What Can Therapy Do for You?

What Can Therapy Do for You?

If you haven’t ever gone to a therapist, you may wonder what the big deal is. What do people get out of telling a stranger about the struggles in their life?

The main goal of therapists is to guide their clients through the painful experiences in their lives. They help clients overcome depression, cope with loss, and halt self-destructive behaviors, among many other issues. Therapy’s results can be impressive, but the process may seem mysterious, or even miraculous, if you don’t understand what’s going on in the treatment.

Many people view therapy as a type of medical treatment, in that clients receive diagnoses and advice. But we all have answers within ourselves. Sometimes we just need guidance to help find them. That’s what therapists do: They give clients power over their own lives. Clients often enter a therapy appointment and ask, “What should I do?” But therapists want to help clients learn to trust themselves and to understand why some of their choices haven’t worked out quite the way they hoped they would.

People often make choices that guarantee their unhappiness. But they’re blind to the fact that they’re doing this. A therapist can help them see themselves more clearly, thus enabling them to make better decisions.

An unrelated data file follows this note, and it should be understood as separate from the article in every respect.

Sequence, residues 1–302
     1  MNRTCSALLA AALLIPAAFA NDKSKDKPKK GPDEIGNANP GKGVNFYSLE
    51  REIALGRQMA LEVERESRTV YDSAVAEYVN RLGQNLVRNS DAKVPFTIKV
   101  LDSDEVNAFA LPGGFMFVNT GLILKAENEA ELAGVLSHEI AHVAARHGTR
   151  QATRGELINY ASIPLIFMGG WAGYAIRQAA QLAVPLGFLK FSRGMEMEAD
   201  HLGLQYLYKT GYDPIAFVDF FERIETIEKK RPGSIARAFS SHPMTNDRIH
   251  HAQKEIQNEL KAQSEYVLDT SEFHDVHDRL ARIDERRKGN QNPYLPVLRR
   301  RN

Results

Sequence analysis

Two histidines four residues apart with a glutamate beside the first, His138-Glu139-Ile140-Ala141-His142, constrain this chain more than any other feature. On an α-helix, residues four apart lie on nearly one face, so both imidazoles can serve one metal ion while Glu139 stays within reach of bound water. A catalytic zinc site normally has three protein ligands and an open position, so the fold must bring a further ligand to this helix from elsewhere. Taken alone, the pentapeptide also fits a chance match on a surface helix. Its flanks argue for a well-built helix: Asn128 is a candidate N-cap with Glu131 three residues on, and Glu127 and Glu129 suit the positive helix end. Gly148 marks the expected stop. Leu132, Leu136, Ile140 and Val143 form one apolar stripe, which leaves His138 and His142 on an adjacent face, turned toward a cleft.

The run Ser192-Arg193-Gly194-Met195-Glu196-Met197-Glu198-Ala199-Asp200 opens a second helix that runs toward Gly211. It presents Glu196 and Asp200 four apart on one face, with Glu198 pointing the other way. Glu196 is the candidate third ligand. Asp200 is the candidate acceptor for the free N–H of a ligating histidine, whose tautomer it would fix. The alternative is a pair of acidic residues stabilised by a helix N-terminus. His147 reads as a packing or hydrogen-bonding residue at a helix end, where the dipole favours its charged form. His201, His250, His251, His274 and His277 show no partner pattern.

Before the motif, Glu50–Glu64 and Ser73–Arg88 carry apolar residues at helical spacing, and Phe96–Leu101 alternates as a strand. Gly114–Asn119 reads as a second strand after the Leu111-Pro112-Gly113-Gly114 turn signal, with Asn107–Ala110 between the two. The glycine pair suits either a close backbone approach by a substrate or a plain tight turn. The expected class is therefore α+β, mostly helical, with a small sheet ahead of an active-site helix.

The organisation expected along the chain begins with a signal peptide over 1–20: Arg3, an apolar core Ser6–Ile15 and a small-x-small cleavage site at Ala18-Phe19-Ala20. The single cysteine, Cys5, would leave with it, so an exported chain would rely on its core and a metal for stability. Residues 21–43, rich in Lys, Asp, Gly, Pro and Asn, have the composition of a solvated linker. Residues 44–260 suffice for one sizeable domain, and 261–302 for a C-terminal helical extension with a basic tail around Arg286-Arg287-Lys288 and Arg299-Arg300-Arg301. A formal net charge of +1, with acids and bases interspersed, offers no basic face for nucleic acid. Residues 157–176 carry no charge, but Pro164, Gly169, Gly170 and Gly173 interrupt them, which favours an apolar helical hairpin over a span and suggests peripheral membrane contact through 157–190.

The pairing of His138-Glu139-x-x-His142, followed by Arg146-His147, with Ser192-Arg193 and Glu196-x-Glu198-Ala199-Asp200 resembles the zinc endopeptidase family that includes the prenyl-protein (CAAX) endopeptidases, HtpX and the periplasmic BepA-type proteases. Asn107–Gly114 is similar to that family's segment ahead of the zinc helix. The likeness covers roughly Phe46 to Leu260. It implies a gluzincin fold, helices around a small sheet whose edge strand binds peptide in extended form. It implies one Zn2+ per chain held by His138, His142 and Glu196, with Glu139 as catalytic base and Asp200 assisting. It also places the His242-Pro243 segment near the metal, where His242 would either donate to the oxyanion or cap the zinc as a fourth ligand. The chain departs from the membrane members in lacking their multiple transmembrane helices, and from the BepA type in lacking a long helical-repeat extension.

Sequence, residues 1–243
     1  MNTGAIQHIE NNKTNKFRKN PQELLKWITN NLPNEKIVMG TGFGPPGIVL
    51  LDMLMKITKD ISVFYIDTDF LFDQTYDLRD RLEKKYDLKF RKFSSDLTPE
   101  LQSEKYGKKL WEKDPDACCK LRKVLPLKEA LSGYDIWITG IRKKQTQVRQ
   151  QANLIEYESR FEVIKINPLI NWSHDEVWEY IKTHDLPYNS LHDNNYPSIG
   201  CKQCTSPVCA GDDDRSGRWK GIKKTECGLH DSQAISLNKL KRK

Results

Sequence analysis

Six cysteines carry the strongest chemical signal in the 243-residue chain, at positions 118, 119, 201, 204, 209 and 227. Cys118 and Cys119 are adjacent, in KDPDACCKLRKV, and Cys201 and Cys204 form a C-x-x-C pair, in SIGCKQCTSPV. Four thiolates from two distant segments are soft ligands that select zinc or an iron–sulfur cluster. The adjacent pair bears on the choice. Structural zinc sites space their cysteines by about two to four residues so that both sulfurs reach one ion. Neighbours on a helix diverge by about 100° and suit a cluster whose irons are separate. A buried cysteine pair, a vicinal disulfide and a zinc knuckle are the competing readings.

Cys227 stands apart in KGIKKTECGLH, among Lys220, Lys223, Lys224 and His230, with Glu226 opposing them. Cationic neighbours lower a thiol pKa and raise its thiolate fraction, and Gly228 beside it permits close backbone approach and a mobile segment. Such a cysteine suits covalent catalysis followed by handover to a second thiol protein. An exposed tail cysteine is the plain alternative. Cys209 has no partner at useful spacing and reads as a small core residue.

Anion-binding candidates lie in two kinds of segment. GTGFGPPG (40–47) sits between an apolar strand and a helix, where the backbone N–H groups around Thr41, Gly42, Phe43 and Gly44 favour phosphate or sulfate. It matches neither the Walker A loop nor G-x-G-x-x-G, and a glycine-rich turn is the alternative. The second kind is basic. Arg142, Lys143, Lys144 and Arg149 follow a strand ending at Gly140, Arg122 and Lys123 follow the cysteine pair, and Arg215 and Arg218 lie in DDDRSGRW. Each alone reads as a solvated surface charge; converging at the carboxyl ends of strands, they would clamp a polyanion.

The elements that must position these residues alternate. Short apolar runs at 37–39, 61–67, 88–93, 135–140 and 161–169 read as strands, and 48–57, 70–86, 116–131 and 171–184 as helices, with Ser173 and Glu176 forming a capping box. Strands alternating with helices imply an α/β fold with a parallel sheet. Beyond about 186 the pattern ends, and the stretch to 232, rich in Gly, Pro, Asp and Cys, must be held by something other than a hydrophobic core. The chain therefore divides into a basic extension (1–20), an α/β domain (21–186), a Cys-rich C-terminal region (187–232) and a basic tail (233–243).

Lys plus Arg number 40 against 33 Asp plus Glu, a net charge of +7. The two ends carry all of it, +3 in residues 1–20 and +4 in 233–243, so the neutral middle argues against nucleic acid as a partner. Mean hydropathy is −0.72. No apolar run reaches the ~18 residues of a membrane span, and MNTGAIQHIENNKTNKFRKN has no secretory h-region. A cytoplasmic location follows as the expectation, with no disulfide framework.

People sometimes feel like they just need somebody else to listen to them. But therapists don’t just listen to you and let you leave. On the contrary; therapy is an active process. The therapist/client relationship is rich and emotional. Therapists let silences breathe. They let clients pause so they can hear themselves think and allow themselves to feel, things people usually cover up with activities, phones, and screens. Therapists slow down the process and listen to what’s not being said.

Compassion for Yourself

When clients punish themselves for past wrongdoing or mistakes, therapists help teach self-compassion to move clients out of this pattern. Self-compassion is essential. We all have trouble being kind to ourselves. We’re very hard on ourselves. If we talked to our friends the way we talk to ourselves, we wouldn’t have friends.

With that said, we still must take responsibility for the things we must change, as well as for things we wish we did differently or were just wrong. It’s a combination of vulnerability and accountability: You want to admit that you want to change something or wish you hadn’t done something. But you also need to ask, “What things can I learn in this situation?” and, “How can I take responsibility for my actions without flagellating myself?” You’ll gain more and grow more from experiences if you stop beating yourself up in the process of taking responsibility for your actions.

Loss and Healthy Grief

We all experience losses throughout our lives. These losses may be literal, like death. But loss can also be less tangible, like letting go of a dream or changing the narrative we desired for our lives. In all these situations, people often try to minimize their grief. They assume that if the grief isn’t over something tangible, then it isn’t worth our consideration.